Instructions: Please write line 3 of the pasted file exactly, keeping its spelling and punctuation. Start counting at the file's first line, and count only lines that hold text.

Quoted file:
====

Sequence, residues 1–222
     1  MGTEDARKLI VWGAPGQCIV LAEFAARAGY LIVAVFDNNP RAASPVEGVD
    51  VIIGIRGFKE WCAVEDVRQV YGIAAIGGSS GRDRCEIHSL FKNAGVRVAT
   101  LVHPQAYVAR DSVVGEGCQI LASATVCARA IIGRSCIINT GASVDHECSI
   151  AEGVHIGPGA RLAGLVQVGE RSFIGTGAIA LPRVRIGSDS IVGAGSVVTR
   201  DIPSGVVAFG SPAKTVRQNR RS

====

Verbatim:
    51  VIIGIRGFKE WCAVEDVRQV YGIAAIGGSS GRDRCEIHSL FKNAGVRVAT